Controversial SEC proposal would rein in large shareholders like Elon Musk

Tesla (TSLA) CEO Elon Musk’s disclosure on Monday that he acquired a 9.2% stake in Twitter (TWTR) represents just the type of surprise for investors that U.S. regulators may soon curtail.

In February, the U.S. Securities and Exchange Commission proposed a controversial rule change that it says can “modernize” disclosure rules for investors who buy a large block of a public company’s stock. Electronic filing advances since the rule was adopted in 1968, the agency says, make it possible to more quickly inform shareholders of changes in stock ownership.

The change would cut in half from 10 days to five days the allotted time for shareholders like Musk to publicly reveal their purchases of stock exceeding 5% of a company’s shares.

Eleazer Klein, a securities lawyer and partner with Schulte Roth & Zabel, told Yahoo Finance the issue is driving a stake between corporate America, which largely backs the change along with the SEC, and activist investors who benefit from more days when they can seize potentially underperforming stock and negotiate changes with a company’s management.

“They’re getting a lot of very, very strong pushback,” Klein said about the SEC.

In an SEC filing on Monday, Musk revealed himself as a passive investor in Twitter, the social media platform at the heart of a nearly four-year legal battle between Musk and the agency. On Tuesday, Musk filed a separate disclosure, changing his status to active investor — meaning he can directly or indirectly influence Twitter’s management or its policies — and Twitter announced he would become a member of the company’s board.

Musk’s filings missed the SEC’s deadlines altogether, despite the agency’s current requirement that shareholders who acquire more than 5% ownership in a publicly traded company disclose their interest within 10 days. Musk’s filing came 21 days after he purchased the Twitter shares.

Advocates for the change from 10 days to five, including SEC Chair Gary Gensler, say it would boost transparency for investors, giving them earlier notice of significant changes in company ownership.

“Even if Musk filed on time, by March 24, that means that there was a 10-day period in which investors selling Twitter stock were unaware that Musk was a 9% shareholder,” said Marc I. Steinberg, a law professor with Southern Methodist University and former SEC enforcement attorney.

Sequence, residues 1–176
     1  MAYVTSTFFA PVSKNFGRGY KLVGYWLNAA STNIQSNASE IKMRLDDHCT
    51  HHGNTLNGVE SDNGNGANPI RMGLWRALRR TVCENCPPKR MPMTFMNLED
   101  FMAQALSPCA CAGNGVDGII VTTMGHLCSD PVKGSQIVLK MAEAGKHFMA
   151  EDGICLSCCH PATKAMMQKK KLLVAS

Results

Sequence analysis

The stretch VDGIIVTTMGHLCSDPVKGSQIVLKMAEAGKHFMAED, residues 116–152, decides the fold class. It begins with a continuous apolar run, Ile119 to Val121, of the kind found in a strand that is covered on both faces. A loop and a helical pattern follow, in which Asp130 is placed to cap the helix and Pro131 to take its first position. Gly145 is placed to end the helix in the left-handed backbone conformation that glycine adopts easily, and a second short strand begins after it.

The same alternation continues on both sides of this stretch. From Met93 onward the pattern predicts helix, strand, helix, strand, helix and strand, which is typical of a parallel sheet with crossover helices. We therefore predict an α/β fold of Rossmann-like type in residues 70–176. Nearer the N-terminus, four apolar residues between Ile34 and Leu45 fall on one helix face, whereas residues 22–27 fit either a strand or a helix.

The change could help level the playing field for shareholders, he said.

“This is clearly material information,” he added. “We see how this impacted Twitter stock.”

Critics argue that the change would strip away the effectiveness of activist investors, who identify and expose underperforming companies. Activists relying on a jump in stock price between the time of their purchase and the time following disclosure of their position should have the time needed to profit from their work, Klein said. Other investors, he said, shouldn’t piggyback off of activists’ work.

“If it comes out too soon, activists are not getting the benefit of the stock jump in price,” Klein said. “The market is.”

In Klein’s view, proponents of the change push a false narrative by suggesting that current SEC rules, enacted in 1968, are outdated, now that filers can submit disclosures electronically.

“They ignore the reality of why [the rule] was adopted,” Klein said. “The SEC, when they adopted the rule back in the ’60s, was looking to find a fair balance for when markets should know an activist’s information. And they decided on 10 days.”

It’s unclear whether Musk qualifies as a traditional activist investor in Twitter, Klein said, given that the company appears to have invited him onto its board. Traditional activists, he explained, generally campaign to replace board members.

The period for comments on the proposed change ends April 11, at which time the agency can choose to adopt the change, or keep the status quo pending further review and comment.

“By increasing the certainty offered to shareholders that their trades are not being made on the basis of incomplete or outdated information the proposed amendment…could in turn enhance market efficiency and liquidity,” the agency said in its proposal.

Source: Yahoo Finance

Leave a Reply

Your email address will not be published.